We are also seeing some movement on the uniform allowance for the CCA’s. Unlike the TE’s, who were only given a uniform allowance on the discretion of their managers, or contract carriers who may have had a tee shirt or USPS cap, the Board of Arbitration felt so strongly about the USPS having it’s employees in uniform that they stipulated in the contract for the new classification of non-career employees, the CCA’s, to receive an allowance equal to the career city letter carriers. Under this contract, “the CCA will be provided with an annual uniform allowance equal to the amount provided to career employees” (page 17). “When the CCA has completed 90 work days, or has been employed for 120 calendar days, whichever comes first”, the allowance will be provided. Additionally, “time served as a Transitional Employee will count toward the 90/120 day requirement” (page 17). In other words, CCA’s are to receive $390 for 2012-2013, with postal uniform allowance raises that match the career employee’s raises in succeeding years. If, after their first year of working for the USPS, the CCA is not rehired for a second year appointment, these employees are supposed to return their uniforms to the USPS for disposal. The process of how to get the allotment to the CCA’s has been negotiated between the NALC and the USPS (M-01819) on May 22. From that MOU: “When a CCA becomes eligible for a uniform allowance, funds must be approved through an eBuy submission by local management. After approval, a Letter of Authorization form must be completed and provided to the employee within 14 days of the eligibility date. The CCA takes the completed form to a USPS authorized vendor to purchase uniform items. The Letter of Authorization can be located on the Uniform Program website on the Blue Page under Labor Relations.” “The licensed vendor creates an itemized invoice of the sale, provides a copy of the invoice to the CCA, and sends the original invoice for payment to the local manager identified on the Letter of Authorization. Upon receipt, the local manager certifies the invoice and pays the vendor using the office Smartpay card.” Although this sounds clear and definitive, and a letter was sent to all Area Human Resources Managers (dated May 22), we are hearing all kinds of different stories as it seems that a lot of postmasters and managers are still not aware of the contract agreement or of this memo. We have heard of some managers telling their CCA’s that they will get a quarterly allowance of $74.50 (as under the TE uniform program); others have been told that it is up to the manager’s discretion whether they will get an allowance; and still others have heard that there will be no uniform allowance for the CCA’s. Although we are seeing some orders coming in with the official Letter of Authorization, it seems in some areas of the country the management either is not aware or is not finding the time to give their CCA’s their letter which allows them to purchase their uniforms. If you are a CCA and you now qualify for your Letter (completed 90 work days, or have been employed for 120 calendar days, whichever comes first), and your manager will not give it to you, perhaps you should speak to your union representative. We have heard that in one major city the NALC told the postmaster that they will file a grievance for every CCA in that area unless the letters were issued immediately. Within days, we are told, every CCA had their Letter.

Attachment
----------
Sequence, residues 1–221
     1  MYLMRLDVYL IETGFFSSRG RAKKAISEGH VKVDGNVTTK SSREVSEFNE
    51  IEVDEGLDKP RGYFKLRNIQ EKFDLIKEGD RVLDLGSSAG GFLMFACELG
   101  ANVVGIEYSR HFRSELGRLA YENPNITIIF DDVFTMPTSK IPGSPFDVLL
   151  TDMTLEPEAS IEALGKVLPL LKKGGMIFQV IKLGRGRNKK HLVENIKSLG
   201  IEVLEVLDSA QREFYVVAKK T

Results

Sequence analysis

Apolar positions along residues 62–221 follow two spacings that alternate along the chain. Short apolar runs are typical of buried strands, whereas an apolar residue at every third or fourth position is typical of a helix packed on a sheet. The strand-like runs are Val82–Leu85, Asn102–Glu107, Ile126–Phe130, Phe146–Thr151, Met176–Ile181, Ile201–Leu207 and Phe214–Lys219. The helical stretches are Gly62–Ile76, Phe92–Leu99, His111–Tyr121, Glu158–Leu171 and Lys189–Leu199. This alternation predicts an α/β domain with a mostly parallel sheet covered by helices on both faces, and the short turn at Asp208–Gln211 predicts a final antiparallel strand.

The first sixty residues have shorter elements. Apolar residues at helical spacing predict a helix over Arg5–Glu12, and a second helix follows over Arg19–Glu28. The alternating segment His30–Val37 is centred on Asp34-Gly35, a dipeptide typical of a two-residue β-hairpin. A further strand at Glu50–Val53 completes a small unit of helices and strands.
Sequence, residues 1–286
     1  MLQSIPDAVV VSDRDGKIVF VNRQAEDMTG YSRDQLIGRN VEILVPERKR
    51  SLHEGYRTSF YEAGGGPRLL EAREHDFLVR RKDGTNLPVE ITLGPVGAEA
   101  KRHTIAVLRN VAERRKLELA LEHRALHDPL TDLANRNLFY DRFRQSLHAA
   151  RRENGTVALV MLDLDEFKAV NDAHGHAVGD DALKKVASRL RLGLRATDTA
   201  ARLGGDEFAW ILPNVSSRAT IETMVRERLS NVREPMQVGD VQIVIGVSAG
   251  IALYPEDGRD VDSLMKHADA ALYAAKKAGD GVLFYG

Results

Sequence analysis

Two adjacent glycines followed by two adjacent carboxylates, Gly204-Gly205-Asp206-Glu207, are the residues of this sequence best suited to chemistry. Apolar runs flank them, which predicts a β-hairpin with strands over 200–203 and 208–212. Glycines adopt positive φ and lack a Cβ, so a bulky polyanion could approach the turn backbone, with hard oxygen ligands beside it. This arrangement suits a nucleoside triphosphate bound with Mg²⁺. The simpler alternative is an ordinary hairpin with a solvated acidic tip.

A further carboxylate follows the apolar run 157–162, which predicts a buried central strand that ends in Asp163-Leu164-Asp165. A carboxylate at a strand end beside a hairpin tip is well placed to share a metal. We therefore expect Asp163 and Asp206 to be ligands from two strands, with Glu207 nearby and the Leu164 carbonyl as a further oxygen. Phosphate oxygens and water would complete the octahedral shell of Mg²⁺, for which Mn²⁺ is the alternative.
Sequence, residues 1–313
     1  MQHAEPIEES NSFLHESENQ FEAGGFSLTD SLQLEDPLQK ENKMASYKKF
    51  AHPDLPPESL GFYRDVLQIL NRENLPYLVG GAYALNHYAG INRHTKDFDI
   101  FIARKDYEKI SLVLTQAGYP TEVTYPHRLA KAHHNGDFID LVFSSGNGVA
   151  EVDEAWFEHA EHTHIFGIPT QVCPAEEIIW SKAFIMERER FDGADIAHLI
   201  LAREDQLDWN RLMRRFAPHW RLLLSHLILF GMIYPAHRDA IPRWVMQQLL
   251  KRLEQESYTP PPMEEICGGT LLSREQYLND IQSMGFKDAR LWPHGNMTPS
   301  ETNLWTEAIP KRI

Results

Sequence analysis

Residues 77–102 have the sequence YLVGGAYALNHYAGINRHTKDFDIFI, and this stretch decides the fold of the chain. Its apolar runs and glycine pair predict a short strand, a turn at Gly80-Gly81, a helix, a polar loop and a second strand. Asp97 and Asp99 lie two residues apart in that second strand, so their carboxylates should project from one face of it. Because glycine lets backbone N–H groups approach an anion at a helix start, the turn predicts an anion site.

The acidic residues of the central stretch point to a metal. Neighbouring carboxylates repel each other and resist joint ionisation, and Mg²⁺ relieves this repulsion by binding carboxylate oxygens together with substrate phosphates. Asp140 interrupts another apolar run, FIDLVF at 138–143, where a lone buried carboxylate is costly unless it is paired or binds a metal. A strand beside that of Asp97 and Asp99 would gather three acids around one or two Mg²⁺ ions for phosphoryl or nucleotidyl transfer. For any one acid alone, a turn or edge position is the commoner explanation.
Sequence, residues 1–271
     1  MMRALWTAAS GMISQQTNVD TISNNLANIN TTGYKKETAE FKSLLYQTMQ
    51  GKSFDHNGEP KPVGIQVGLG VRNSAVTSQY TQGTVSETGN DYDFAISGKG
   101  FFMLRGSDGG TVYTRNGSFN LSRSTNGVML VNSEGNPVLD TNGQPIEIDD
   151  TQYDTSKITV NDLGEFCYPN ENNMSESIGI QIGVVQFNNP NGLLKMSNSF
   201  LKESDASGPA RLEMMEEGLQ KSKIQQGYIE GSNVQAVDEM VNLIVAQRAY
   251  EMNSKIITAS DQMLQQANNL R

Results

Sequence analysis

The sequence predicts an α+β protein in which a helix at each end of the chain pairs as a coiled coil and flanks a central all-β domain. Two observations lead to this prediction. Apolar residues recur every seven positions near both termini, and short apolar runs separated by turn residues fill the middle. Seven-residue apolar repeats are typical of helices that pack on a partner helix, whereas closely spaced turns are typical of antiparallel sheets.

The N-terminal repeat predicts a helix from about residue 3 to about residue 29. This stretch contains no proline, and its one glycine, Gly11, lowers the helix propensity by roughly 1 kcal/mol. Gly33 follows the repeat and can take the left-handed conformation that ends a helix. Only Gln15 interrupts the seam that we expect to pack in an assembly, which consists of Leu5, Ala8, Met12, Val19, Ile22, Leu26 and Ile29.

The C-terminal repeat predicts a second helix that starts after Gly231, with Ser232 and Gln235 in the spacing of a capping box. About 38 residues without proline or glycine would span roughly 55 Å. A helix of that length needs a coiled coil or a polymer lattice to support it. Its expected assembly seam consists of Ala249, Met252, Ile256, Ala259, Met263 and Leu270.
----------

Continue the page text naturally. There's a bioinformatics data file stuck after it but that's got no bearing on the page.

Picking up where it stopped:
Remember, Remember, the uniform allowance is a negotiated benefit. Think of it as part of your pay package. Would you let your employer short you $390 on your paycheck? Of course not, and neither should they deny you the uniform allowance.

As the situation is changing daily, feel free to call us at Postal Uniform Discounters (1-800-733-1243) or check out our website at for the latest updates. We will do our best to update you with current information.